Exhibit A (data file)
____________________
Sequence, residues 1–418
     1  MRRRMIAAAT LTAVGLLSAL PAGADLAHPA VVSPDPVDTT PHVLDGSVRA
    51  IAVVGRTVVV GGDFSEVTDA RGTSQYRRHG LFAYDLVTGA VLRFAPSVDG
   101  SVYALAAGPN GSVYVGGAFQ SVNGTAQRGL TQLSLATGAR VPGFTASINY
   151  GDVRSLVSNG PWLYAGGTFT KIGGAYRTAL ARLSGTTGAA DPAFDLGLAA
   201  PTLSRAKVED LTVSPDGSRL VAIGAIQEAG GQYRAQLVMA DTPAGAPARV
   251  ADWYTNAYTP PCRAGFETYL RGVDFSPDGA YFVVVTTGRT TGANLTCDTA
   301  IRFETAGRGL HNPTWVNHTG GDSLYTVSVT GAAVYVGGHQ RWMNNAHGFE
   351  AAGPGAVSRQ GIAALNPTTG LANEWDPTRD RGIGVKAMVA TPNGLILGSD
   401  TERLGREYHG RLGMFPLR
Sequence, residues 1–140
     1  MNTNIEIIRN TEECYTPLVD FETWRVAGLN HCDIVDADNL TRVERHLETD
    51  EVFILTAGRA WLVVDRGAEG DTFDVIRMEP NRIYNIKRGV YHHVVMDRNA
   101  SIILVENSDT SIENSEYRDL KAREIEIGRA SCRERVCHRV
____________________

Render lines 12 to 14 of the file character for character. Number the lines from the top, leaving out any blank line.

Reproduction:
     1  MNTNIEIIRN TEECYTPLVD FETWRVAGLN HCDIVDADNL TRVERHLETD
    51  EVFILTAGRA WLVVDRGAEG DTFDVIRMEP NRIYNIKRGV YHHVVMDRNA
   101  SIILVENSDT SIENSEYRDL KAREIEIGRA SCRERVCHRV